Tag Archives: World War II

Jew of the Week: Ed Koch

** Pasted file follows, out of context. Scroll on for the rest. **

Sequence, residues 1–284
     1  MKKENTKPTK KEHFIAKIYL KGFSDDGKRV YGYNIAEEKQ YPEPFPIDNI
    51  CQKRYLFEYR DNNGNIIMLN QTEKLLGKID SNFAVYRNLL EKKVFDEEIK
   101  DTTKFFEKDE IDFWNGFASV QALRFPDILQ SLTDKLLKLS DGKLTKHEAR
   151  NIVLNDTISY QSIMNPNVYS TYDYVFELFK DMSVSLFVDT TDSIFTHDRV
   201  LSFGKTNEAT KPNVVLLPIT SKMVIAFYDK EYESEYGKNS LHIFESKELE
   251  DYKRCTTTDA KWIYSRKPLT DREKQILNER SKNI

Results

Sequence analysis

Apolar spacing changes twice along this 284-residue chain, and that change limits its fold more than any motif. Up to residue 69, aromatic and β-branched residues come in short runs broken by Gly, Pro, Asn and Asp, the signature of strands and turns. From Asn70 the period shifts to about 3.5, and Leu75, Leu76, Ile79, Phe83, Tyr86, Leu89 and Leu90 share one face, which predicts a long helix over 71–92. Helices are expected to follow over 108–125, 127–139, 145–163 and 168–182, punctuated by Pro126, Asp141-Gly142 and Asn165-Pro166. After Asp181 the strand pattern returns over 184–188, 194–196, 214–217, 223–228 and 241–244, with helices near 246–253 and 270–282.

The Man Who Made New York Great Again

Ed Koch